As the opening of Milan Expo 2015 drew closer, James Ogul looked back at another world’s fair in Italy, held in 1992. Genoa ’92 was an International Specialized Expo sanctioned by the Bureau of International Expositions (BIE). It ran May 15-August 15 and its theme was “Christopher Columbus: Ships and the Sea.”
Image at top: rendering of the USAP at Expo Milano 2015.
This article, originally published in December 2013, is part of “Tales from the Expo” – an InPark Magazine online book written by James Ogul and edited by Judith Rubin.
[dropcap color=”#888″ type=”square”]L[/dropcap]ocated one hour and 46 minutes from Milan by car, the Genoa event did not gain much attention because there were two world’s fairs in 1992, both in Europe. The larger of them was Seville ’92 (Spain).
Funding for the US pavilion in Genoa was $2.9 million with a 50/50 Federal-private sector split. The Federal funds were secured through a protracted negotiation with Congress that resulted in a reprogramming request. The major private sector sponsor for the pavilion was Amway Corporation.
Exhibitors at Genoa were housed for the most part in a restored cotton warehouse although the US opted to set up in one of four adjacent buildings that had been 17th century merchant homes called palazzine. The 5,000-square-foot US exhibit made use of media effects in three galleries to depict the importance of waterways to US history, development and traditions. The Chesapeake Bay and the port of Baltimore, a sister city of Genoa were singled out as illustrative of American maritime culture. The exhibit also emphasized the need to preserve and protect the world’s waterways.
Getting back to the present, the 2015 Universal Expo in Milan will run May 1-October 31, 2015. Its theme is “Feeding the Planet, Energy for Life.” Attendance is projected at 20 million visitors. In comparison, Genoa ’92 was very small: it occupied 12 acres and had 52 international exhibitors to Milan’s 271 acres and 140+ participating nations.
Likewise, the US pavilion at Milan 2015 will be much larger and a more elaborate undertaking, built from the ground up on a 2,790 square meter site, unlike Genoa where the organizers leased space within an existing building. The cost of participation will be commensurately higher: an estimated $45 million. The funding challenge is also now significantly different for a US pavilion compared to 1992: All of that $45 million will have to be raised from private sector contributions.
Charles Faas is CEO of the official US pavilion project being created by “Friends of the US Pavilion Milano 2015” – the private sector team acting on the authority of a Letter of Intent from the US State Department. Members of this group include Dorothy Hamilton, CEO of the International Culinary Center; Mitchell Davis, VP of The James Beard Foundation; and Simone Crolla, managing director of the US Chamber of Commerce in Italy.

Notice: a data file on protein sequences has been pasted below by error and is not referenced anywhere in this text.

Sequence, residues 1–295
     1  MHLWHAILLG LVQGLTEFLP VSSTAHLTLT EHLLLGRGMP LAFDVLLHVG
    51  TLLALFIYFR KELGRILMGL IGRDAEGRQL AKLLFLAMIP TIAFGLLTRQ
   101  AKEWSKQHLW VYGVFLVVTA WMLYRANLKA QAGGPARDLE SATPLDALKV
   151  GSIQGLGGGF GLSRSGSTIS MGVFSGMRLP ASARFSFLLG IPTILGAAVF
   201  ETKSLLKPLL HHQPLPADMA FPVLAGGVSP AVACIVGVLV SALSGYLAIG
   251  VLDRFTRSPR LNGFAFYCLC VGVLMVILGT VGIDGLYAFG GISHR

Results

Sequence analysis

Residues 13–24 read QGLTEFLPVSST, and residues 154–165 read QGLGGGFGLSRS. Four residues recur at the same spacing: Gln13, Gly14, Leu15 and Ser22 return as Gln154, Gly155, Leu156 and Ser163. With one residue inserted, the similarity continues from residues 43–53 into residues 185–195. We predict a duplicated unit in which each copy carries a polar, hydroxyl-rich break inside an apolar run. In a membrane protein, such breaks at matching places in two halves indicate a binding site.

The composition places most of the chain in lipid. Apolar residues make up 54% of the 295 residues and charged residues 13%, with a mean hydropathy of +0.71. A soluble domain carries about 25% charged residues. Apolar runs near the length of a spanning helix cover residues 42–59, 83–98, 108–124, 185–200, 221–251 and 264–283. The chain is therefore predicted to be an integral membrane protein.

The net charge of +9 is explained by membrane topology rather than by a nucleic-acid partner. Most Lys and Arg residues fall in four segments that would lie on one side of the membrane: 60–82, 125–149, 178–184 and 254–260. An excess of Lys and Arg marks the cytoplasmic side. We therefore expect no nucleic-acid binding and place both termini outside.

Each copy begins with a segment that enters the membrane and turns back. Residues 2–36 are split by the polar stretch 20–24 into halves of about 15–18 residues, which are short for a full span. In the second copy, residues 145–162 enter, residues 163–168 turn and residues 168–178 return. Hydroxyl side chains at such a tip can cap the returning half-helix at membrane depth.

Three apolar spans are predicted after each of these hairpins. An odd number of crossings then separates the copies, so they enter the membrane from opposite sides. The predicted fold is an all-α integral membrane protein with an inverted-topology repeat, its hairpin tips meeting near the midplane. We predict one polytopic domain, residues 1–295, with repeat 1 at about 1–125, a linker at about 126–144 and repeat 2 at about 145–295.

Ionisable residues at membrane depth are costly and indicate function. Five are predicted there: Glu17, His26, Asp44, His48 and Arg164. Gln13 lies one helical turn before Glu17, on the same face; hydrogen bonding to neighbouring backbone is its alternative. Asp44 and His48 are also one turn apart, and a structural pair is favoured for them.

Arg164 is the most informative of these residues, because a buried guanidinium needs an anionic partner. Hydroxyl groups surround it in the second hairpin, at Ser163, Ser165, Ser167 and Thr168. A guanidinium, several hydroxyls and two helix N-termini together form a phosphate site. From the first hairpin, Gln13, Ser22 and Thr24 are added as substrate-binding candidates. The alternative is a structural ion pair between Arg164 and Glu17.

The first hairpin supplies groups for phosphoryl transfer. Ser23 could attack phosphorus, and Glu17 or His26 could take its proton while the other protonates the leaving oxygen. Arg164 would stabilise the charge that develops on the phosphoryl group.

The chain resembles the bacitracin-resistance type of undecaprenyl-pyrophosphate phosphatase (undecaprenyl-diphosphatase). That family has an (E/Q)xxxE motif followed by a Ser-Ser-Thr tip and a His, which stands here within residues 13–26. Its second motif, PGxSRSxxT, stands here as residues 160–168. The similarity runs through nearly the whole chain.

Once the Friends group has demonstrated that all funding for this project will be in hand, they will sign a Memo of Understanding with the State Department, which will then sign a Participation Contract with the Expo Organizers, and appoint a Commissioner General.
This has been the US pattern for the past three world expos – Aichi 2005, Shanghai 2010 and Yeosu 2012. Only after the US has signed a Participation Contract with the Expo Organizers will the US plot be turned over to the US and the Friends group be able to break ground for the Pavilion.
Obviously the sooner all of this can take place the better to allow time for building construction. Construction must be completed well before opening day to allow time for installation of exhibits.
The compressed timeframe for this effort is due in large part to the lateness of the US decision to participate. Unfortunately this has been true for most of the expos in recent history. No appropriations for world’s fair participation have been received since 1988. Further, the office charged with handling these projects was abolished in 1993. So often it has been a high level appeal from the host country that has triggered a decision and this has happened only after all other avenues have failed. And so we have been late, and with less time to do the work, costs and risks have risen.
Notwithstanding these challenges, the US had very successful pavilions at Aichi ’05, Shanghai Expo ’10 and Yeosu ’12. This was accomplished through dedicated Federal and private sector partners working cooperatively to pull these projects together in record time. Challenges abound in complex projects like these and there are constant struggles to meet budget requirements and milestones. Having spent hundreds of hours on the exhibition floors of our US Pavilions and watching visitor reaction and interaction with both our exhibits and our guides, I can say that all of the efforts that go into them are very worthwhile.